Improved affordability means that first time buyers in the UK are more able to take advantage of low property prices and loans but are failing to do so, research shows.
Only 35% of first-time buyers are taking advantage of an easier market and over half say they cannot afford to do so despite monthly mortgage payments as a percentage of income are nearly half that of the level of 2007.
Yet the research from the Halifax, the UK’s largest first time buyer lender eight out of ten first time buyer mortgages were approved in first half of 2010 and 94% of first time purchases are exempt from stamp duty.
Indeed, the proportion of a typical new home owner s disposable earnings devoted to mortgage payments has almost halved from a peak of 50% in June 2007 to 28% in June 2010; below the 34% average over the past 25 years.
In addition to this, 94% of first time property purchases are now exempt from stamp duty, with 54% of first-time buyers saying that is has helped them to purchase their home.
Despite the marked improvement in monthly affordability, tightening in lending criteria since the onset of the credit crunch in 2007 may have deterred first buyers from trying to secure mortgage finance, the Halifax says.
There are now indications though that the environment is improving. Only 3% of first time buyers say a lack of suitable mortgage products has prevented them buying a home and eight out of ten first time buyer mortgages are approved.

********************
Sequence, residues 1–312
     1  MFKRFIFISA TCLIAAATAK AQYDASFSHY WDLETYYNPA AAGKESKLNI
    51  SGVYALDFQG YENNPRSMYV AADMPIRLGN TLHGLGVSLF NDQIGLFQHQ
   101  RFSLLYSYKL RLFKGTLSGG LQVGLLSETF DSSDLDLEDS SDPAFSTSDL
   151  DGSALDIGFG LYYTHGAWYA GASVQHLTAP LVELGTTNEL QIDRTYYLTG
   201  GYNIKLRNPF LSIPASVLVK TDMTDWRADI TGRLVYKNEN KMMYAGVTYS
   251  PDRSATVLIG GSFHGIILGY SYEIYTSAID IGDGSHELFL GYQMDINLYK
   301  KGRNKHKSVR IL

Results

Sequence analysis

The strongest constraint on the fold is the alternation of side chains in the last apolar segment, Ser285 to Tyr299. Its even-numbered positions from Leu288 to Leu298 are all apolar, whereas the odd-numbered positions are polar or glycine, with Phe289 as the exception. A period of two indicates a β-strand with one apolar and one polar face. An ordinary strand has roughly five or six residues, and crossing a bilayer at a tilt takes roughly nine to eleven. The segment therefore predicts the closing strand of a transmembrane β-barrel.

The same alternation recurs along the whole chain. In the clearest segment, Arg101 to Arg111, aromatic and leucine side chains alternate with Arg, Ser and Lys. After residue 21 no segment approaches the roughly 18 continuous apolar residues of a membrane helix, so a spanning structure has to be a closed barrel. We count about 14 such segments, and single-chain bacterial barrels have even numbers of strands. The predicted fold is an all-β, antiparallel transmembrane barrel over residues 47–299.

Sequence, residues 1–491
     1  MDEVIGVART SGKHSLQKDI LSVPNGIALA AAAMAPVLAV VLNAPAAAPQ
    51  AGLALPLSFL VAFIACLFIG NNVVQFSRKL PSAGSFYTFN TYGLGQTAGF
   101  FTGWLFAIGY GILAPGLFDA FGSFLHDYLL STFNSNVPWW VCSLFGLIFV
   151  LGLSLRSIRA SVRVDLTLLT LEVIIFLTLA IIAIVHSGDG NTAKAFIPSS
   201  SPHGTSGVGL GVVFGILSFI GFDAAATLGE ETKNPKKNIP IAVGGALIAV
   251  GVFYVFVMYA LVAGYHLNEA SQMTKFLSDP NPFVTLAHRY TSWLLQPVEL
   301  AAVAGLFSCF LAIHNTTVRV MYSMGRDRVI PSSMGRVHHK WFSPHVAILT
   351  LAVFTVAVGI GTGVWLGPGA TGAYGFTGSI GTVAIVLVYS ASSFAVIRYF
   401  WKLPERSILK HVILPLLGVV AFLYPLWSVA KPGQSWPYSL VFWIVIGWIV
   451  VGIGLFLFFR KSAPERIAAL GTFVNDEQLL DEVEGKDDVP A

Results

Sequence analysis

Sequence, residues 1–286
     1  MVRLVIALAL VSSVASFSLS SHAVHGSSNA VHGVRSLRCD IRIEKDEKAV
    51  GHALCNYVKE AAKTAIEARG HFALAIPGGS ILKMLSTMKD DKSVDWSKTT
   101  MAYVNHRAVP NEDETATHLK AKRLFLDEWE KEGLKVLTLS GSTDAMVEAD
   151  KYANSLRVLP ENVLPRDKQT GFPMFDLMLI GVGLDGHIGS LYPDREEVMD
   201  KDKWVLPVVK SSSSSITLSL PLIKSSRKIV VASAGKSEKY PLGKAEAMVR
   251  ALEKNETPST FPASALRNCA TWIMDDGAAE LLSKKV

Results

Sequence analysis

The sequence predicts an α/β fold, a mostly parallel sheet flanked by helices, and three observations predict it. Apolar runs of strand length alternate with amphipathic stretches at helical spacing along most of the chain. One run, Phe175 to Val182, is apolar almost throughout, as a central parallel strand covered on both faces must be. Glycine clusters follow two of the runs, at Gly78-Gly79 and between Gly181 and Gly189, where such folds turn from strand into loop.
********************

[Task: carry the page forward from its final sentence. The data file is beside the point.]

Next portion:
Whilst deposits in loan to value terms increased during 2008, the average deposit put down by a first time buyer today has been unchanged as a percentage of purchase price since early in 2009.
‘We believe it’s important that first-time buyers understand that whilst there are still challenges in raising deposits, other market conditions are more positive. Affordability has significantly improved, meaning the amount of a typical first time buyer’s monthly pay packet that needs to be dedicated to their mortgage is now below the 25 year average and importantly, despite perceptions, eight out of ten first time buyer mortgages are approved,’ said Stephen Noakes, commercial director for mortgages at the Halifax.
The research also shows that the typical buyer takes between three and five years to save their deposit in the current market and seven in ten are making lifestyle sacrifices in order to save for their deposit. A 10% deposit on an average first time buyer property today is £13,940.
It also found that 64% of buyers purchase a home because they’d rather own than rent. While nearly a third of first time buyers are stepping onto the property ladder in order to take the next step in life such as getting married or having children.
One in ten buyers is putting off getting married or having children in order to buy a home while 12% are taking a second job to help their finances.
Over a quarter of home buyers have not been on holiday in over a year to save money for a deposit, some 10% move back in with their parents to help save for their deposit and 44% of buyers will compromise on the area they move to in order to get the type of property they want.